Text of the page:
Anyway, Dahl wrote some amazing, and bonkersly funny books, both for children and adults. I remember reading one of his short stories about a boy who thinks his mother’s going to eat him because she had a big mouth. It was a long time ago, but the Rolling Stones’ logo still gives me the shivers. Probably his most famous works are those meant for children, but also give a lot of pleasure to adults. Here are the most popular (decided by me):

Charlie and the Chocolate Factory
Charlie and the Great Glass Elevator
Fantastic Mr Fox
Boy: Tales of Childhood
The Twits
James and the Giant Peach
Danny, the Champion of the World
George’s Marvellous Medicine
The Witches

To name but a few. If there’s anyone out there who thinks I’ve missed one of his greatest works then do tell. I promise not to chastise you by calling you a deluded fake bibliophile with no sense of personal space and no manners to speak of. I promise.

I regret to inform you that there is no Roald Dahl Appreciation Society for you to spend your cold, hard cash buying membership for. There is however a club, but I’m afraid you have to be under the age of 13 to join. I am going to send a stern email, so I’ll let you know how it goes.

7 Responses to “Roald Dahl 1916 – 1990”

  1. thebestofdreams February 27, 2013 at 5:29 pm #

    Thanks for this post. Interesting, entertainingly written and duly reverent to (in my humble opinion, and no disrespect to JK Rowling etc.) the greatest children’s writer of the 20th century.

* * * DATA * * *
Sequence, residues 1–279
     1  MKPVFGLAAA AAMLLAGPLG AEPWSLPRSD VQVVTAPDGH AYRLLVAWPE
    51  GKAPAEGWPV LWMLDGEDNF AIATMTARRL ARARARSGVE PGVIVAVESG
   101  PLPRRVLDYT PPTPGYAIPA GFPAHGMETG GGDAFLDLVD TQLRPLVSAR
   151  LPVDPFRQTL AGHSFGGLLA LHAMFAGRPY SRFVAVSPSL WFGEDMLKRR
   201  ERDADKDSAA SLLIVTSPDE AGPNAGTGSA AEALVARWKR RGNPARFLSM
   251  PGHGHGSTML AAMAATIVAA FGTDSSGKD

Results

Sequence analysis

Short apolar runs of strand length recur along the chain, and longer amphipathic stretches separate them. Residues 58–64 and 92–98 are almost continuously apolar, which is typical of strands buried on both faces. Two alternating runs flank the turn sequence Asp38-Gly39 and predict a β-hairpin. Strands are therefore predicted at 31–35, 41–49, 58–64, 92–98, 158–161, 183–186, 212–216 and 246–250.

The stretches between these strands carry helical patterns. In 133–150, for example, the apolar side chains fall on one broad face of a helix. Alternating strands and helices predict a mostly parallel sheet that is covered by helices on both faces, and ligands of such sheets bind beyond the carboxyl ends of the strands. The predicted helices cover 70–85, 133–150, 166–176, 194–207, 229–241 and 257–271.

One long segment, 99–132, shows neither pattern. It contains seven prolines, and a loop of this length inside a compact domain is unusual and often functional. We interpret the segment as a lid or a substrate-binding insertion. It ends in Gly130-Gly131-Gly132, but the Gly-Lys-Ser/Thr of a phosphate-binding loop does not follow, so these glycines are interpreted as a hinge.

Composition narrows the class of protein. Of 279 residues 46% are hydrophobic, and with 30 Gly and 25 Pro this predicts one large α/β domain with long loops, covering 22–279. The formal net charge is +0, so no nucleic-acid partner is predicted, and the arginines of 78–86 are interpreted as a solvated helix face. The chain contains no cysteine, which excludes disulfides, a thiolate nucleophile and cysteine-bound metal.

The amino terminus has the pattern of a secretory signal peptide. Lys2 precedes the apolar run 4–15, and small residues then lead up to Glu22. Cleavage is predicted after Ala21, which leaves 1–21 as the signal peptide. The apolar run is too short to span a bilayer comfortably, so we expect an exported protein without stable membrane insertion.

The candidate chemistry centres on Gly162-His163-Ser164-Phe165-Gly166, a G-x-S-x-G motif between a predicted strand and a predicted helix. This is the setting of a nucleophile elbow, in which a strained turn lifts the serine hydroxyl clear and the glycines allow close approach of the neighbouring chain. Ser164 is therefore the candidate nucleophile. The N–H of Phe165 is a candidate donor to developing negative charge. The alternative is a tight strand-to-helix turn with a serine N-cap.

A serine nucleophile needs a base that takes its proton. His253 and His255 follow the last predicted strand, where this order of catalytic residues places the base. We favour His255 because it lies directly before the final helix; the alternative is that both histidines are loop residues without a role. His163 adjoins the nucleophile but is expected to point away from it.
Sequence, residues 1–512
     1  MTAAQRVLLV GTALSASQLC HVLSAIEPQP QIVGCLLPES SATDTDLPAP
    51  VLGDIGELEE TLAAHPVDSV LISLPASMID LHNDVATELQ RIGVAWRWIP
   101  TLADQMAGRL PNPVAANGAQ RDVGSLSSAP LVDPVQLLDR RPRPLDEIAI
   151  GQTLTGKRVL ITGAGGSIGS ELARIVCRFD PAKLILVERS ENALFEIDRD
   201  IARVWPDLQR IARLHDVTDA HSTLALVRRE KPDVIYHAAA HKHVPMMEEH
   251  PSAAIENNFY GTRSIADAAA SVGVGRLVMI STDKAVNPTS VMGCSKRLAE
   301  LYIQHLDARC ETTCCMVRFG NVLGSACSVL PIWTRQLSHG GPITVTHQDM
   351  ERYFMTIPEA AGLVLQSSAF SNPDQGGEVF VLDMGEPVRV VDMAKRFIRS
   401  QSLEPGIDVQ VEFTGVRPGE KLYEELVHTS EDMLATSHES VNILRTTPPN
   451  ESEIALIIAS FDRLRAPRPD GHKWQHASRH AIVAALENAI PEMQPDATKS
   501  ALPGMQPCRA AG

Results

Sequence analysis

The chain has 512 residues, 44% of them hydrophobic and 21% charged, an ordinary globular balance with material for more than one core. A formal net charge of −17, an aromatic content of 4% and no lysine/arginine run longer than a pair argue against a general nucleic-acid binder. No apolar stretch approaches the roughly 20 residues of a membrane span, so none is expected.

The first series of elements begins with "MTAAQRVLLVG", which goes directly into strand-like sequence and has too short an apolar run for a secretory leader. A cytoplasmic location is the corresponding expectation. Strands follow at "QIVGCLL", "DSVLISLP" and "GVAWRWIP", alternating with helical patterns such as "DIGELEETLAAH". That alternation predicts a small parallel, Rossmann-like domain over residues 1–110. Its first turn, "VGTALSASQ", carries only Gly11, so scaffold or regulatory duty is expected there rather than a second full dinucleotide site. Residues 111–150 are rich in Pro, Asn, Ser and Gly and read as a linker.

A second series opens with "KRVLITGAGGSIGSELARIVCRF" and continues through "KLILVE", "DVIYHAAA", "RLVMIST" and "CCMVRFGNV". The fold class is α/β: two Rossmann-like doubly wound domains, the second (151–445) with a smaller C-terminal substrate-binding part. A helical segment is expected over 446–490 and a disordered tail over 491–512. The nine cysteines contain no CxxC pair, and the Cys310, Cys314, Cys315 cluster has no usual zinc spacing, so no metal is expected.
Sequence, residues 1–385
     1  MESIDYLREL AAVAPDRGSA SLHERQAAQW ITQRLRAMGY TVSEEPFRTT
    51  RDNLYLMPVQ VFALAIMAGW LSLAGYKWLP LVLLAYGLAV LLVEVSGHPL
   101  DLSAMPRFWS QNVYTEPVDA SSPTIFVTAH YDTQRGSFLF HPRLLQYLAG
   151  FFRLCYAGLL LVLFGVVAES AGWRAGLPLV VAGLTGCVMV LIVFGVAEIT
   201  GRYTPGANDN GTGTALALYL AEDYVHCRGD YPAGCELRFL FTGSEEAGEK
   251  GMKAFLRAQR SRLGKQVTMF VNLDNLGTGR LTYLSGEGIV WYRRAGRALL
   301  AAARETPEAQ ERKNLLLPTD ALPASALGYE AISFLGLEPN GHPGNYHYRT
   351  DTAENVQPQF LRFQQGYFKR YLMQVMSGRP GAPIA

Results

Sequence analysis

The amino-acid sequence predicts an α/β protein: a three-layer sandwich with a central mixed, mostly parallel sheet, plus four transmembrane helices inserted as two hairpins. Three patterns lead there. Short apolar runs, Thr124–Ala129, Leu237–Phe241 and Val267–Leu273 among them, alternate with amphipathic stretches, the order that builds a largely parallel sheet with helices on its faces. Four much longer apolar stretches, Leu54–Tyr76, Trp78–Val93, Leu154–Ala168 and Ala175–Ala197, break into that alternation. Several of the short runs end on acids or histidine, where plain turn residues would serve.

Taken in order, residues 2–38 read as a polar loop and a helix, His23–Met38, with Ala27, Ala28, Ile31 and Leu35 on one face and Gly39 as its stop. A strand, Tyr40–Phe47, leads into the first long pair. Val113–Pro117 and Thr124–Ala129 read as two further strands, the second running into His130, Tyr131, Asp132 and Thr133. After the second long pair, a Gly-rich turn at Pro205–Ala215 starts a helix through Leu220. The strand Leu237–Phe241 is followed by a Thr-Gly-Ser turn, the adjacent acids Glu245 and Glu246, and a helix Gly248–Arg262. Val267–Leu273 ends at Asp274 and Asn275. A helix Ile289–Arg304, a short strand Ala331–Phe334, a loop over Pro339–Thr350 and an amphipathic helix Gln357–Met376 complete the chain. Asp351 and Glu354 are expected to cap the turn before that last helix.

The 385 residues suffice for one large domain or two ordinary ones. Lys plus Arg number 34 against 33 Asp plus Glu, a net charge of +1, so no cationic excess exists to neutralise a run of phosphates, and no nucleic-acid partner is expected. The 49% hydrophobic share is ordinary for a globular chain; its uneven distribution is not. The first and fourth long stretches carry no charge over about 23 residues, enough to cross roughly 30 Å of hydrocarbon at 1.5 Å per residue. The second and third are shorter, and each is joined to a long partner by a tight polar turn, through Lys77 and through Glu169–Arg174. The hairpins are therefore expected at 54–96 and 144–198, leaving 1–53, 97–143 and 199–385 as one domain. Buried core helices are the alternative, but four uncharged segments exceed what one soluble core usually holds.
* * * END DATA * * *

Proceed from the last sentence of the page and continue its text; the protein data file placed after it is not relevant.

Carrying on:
2. amb March 1, 2013 at 1:58 pm #

    “I mean, not SAD sad like you want to cry until your face starts to resemble Micky Rourke’s, but sad like when you hear someone died who you already thought was dead. Like Tony Curtis.” Oh my goodness – this made me laugh. So. Much.

  3. laurnicolehunt March 7, 2013 at 11:25 pm #

    In the 24 hours since I discovered your blog it has become one of my favorites. All the things I ever wanted to know about some classic and some obscure authors, in a way that entices me to actually read it. Great stuff!

  4. workingmom2012 March 14, 2013 at 4:17 pm #

    Thanks for following my blog! I am so excited to link back to your blog and especially loved this latest post on Dahl. I recently just finished reading “Charlie and the Chocolate Factory” to my 7 year old and I enjoyed it as much as him. Perhaps a little more than I thought as I kept extending bedtime just to finish the chapter. While the movie is a classic, I am so glad we read the book together before he watched it. It gave him so much greater of an appreciation of the story.

  5. postmoderndonkey April 7, 2013 at 4:23 pm #

    I am fascinated by your interests. I find it necessary to share with you another blog you may find equally fascinating. It is a blog of author interviews by a retired publisher who remains anonymous and apparently retired ( and has not posted since Feb). The Dahl interview stayed in my head and your bio made the connection to:

    • ahundredauthors April 8, 2013 at 9:14 am #

      Thank you very much, I will definitely have a good read. He may be able to help me with my future bios too 🙂